The issue of the Temple Mount/al-Haram al-Sharif “is an issue that has public traction not just with the Jordanians, but all across the Arab world,” explained Ghaith al-Omari, a senior researcher at the Washington Institute. “In Jordan, what we saw over the last week were calls for demonstrations, calls for people to spend the night in mosques, and go for demonstrations after the morning prayer. So it is starting to take a grassroots level of agitation,” which al-Omari said has also been reflected in the Jordanian parliament.

Statements of support give the Hashemite Kingdom domestic ammunition, al-Omari said.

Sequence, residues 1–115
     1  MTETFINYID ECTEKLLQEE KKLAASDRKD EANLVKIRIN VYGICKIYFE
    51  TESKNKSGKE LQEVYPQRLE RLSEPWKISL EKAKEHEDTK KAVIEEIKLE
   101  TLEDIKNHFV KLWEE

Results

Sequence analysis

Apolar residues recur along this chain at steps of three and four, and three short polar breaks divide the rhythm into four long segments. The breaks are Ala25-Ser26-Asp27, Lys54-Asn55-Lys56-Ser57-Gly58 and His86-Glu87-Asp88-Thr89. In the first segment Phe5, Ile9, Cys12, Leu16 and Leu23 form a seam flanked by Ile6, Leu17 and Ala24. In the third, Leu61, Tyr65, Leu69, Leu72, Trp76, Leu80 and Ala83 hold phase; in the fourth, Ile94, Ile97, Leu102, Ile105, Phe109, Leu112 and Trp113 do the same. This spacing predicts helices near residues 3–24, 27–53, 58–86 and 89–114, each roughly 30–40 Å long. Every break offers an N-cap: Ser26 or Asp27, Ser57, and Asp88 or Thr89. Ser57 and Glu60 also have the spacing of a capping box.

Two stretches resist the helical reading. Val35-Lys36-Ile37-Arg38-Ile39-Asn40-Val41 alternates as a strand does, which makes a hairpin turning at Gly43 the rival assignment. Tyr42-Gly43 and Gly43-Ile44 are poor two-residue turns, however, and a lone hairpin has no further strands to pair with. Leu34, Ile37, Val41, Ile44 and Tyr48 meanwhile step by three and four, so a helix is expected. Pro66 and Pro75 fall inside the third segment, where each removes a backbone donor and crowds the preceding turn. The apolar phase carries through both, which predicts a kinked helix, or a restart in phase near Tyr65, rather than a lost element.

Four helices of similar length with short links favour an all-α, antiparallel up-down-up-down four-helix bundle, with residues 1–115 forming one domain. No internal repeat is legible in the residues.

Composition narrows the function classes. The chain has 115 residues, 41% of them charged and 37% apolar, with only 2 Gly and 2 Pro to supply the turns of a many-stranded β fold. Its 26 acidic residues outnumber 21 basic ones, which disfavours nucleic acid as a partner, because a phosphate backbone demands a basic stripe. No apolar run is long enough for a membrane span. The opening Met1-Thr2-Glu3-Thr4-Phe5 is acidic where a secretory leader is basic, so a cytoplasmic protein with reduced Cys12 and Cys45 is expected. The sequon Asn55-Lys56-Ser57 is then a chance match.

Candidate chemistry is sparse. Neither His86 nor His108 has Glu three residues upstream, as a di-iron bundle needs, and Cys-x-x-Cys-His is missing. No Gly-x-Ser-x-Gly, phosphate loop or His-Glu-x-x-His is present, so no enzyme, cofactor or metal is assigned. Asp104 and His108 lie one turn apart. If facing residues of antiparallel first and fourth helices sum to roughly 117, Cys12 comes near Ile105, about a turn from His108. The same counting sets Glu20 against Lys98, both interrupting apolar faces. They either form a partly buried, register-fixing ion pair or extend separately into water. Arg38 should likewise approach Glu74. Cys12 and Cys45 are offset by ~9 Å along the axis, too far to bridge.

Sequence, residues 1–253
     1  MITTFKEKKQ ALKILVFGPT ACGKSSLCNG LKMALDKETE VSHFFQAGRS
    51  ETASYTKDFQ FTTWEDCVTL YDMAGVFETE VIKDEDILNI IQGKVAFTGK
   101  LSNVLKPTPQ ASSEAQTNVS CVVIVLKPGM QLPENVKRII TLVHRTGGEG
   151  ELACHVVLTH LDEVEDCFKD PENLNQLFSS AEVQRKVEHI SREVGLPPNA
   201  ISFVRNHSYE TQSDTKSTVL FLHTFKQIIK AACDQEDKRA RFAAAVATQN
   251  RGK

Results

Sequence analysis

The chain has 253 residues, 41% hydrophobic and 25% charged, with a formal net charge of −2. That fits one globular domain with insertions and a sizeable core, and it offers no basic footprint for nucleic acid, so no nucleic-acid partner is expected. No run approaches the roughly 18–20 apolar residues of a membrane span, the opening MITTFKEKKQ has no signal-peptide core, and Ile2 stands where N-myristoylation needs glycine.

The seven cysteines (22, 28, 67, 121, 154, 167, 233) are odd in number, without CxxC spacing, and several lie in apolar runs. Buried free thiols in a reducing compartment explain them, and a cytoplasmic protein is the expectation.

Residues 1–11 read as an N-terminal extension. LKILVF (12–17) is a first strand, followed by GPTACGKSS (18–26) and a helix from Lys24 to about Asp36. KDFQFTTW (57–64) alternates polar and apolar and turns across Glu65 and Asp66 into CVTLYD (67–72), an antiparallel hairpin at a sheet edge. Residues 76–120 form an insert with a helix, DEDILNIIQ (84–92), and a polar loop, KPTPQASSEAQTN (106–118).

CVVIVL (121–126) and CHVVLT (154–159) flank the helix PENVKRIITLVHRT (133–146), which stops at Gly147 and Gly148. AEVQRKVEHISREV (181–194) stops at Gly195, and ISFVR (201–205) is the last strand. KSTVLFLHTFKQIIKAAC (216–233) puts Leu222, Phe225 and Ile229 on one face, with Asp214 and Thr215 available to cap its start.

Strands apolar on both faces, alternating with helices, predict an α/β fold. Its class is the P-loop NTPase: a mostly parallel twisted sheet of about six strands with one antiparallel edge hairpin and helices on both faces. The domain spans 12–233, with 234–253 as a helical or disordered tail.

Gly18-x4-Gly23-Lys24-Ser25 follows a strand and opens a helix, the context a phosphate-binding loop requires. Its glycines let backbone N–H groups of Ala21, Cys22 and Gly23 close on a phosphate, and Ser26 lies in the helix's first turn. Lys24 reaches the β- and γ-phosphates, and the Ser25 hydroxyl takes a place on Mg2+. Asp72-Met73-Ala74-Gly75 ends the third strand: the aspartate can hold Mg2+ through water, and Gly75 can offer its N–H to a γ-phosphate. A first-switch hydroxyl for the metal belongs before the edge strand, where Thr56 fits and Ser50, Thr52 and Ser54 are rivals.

Externally, the Hashemite Kingdom is also worried that it might be replaced on the Temple Mount, or at least lose some of its hold there to other countries such as Saudi Arabia or Turkey, he said.

But despite the appearance of a crisis, the Hashemite Kingdom is not in danger domestically, and the fundamental elements of the relationship between Israel and Jordan have not changed, said al-Omari. 

This latest crisis has not harmed the advances of the last year between Israel and Jordan, nor, he predicted, would it harm Israel’s normalized ties with Abraham Accord countries UAE, Bahrain and Morocco.

Moving forward, Jordan will get involved in Abraham Accord projects, but tensions with regard to Jerusalem and the absence of a resolution to the Palestinian conflict will continue to exist, and will at times generate a crisis.

“It would be a mistake to see this tension as if it is rejecting the trajectory of improvement,” Omari said. “The change is real.”

It is important to remember, he said, that everyone has to manage two sets of challenges both at home and abroad.